Labor's Real Innovators Will Come from the Ranks, Not the Corporate World

The underlying problem here is the classic problem of business unionism—it confuses growing a movement with selling a product.

Outgoing SEIU Local 775 President David Rolf is the most prominent exponent of this dead-end approach. His new book proposes that unions stay relevant by pursuing nine “value propositions.”

What’s that? Rolf defines a value proposition as “a specific strategy that delivers quantifiable benefits to a recipient through a uniquely differentiated product, service, or intervention that solves a problem or improves a situation.”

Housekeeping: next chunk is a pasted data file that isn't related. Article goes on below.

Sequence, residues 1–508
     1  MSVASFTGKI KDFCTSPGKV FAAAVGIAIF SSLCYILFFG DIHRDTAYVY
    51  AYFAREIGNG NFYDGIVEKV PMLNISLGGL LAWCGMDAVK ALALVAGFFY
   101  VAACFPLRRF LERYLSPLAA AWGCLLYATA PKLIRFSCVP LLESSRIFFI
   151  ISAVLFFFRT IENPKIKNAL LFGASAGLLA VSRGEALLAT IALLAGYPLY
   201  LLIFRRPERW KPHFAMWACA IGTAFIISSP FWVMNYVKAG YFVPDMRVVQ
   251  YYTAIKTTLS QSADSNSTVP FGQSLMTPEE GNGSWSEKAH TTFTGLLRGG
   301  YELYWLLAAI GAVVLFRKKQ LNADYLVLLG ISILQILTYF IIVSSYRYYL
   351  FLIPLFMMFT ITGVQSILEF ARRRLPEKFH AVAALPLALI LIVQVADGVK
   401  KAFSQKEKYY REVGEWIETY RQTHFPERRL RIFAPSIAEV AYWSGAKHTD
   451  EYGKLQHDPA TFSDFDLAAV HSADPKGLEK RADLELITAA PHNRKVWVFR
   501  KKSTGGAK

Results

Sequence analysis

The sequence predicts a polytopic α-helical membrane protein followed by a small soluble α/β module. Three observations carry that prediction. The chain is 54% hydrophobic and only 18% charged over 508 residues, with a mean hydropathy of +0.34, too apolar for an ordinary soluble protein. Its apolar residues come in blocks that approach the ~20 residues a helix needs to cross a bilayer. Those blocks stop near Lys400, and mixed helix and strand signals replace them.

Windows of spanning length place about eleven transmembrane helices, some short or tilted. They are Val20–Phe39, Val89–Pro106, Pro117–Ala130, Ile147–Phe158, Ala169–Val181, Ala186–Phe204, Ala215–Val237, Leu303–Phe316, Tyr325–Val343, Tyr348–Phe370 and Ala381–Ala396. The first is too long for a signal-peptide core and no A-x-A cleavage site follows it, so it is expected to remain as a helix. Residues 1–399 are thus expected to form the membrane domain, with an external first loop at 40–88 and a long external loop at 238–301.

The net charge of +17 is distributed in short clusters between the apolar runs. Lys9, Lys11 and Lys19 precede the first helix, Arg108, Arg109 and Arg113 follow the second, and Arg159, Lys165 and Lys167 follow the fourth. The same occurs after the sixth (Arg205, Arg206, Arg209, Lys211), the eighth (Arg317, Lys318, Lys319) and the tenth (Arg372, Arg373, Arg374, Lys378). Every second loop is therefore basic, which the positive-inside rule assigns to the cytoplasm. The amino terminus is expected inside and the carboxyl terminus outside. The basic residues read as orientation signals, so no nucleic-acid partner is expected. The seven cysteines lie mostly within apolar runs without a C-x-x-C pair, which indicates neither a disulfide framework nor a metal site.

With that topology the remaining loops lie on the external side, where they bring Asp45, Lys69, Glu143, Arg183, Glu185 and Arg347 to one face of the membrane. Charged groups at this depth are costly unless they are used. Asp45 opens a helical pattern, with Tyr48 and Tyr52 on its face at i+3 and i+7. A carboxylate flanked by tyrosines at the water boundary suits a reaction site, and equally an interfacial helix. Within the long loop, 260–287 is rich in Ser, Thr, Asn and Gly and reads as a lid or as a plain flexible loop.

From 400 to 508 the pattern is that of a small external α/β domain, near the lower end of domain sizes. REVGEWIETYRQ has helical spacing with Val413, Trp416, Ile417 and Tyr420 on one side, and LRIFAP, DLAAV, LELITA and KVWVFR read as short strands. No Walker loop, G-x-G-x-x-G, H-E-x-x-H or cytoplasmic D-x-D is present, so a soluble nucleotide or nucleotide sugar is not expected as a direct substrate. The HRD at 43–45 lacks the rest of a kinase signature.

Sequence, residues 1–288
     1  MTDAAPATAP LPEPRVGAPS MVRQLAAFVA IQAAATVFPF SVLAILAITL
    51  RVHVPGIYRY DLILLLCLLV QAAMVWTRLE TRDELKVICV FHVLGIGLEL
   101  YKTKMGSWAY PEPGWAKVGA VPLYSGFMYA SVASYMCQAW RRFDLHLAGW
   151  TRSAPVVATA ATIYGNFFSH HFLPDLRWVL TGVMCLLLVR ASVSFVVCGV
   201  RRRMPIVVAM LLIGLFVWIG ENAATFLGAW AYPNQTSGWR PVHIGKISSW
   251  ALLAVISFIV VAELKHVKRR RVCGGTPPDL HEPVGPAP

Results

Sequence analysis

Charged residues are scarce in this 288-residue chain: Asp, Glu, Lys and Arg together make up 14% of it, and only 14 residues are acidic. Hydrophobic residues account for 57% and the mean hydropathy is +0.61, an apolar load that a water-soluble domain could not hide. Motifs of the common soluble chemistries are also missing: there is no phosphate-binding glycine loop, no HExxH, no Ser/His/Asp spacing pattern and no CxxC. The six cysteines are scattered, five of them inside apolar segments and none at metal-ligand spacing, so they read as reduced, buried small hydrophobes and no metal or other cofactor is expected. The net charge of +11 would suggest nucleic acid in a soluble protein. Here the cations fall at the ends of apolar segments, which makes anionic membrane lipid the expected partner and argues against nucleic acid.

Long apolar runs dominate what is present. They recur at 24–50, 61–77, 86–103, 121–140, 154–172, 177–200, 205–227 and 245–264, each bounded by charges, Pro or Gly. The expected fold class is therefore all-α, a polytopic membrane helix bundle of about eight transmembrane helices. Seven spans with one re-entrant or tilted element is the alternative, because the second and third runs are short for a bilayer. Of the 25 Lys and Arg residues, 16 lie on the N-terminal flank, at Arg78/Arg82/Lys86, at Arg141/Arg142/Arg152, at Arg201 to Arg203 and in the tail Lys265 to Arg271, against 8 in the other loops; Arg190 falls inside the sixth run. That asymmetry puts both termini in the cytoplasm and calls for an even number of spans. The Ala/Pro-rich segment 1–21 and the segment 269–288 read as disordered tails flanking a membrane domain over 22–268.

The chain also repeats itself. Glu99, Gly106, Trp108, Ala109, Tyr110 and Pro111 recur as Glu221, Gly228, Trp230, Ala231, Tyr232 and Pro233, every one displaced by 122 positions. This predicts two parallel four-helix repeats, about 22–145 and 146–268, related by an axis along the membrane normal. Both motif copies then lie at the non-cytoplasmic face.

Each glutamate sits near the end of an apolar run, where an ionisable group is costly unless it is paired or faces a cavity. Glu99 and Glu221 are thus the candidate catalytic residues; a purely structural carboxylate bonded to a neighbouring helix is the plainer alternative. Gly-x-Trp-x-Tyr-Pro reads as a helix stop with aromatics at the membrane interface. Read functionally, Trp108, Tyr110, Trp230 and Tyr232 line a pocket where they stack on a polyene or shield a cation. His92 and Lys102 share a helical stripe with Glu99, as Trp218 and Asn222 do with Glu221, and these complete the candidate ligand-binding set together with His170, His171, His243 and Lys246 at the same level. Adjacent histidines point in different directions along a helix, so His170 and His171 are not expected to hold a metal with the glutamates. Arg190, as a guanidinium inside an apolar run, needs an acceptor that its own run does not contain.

His propositions range from unions taking over the administration of government services such as unemployment insurance to amending federal laws to allow more worker “input” on company boards, as is common in Europe.

He also calls on “labor innovators” to recognize that “there is no more readily available block of venture capital than today’s union treasuries.” Rolf hopes that more unions will marshal funds for “innovation hubs” like the Workers Lab, which applies lessons from business startups to labor questions.

Peppered throughout the book is praise for partnering up with management. But Rolf has little to say about what I would consider a union’s main job—fighting the boss.

In a book ostensibly about worker power, the word “strike” appears eight times, while “partnership” appears 62.

Read the rest at Labor Notes


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